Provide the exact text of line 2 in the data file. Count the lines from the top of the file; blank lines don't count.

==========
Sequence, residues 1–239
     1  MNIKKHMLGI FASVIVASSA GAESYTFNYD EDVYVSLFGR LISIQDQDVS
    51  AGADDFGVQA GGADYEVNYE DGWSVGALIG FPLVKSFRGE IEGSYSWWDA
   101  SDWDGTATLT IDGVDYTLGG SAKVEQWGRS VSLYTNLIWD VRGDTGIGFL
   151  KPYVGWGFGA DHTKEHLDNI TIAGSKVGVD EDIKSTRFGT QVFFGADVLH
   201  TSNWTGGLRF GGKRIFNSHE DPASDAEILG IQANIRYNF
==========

     1  MNIKKHMLGI FASVIVASSA GAESYTFNYD EDVYVSLFGR LISIQDQDVS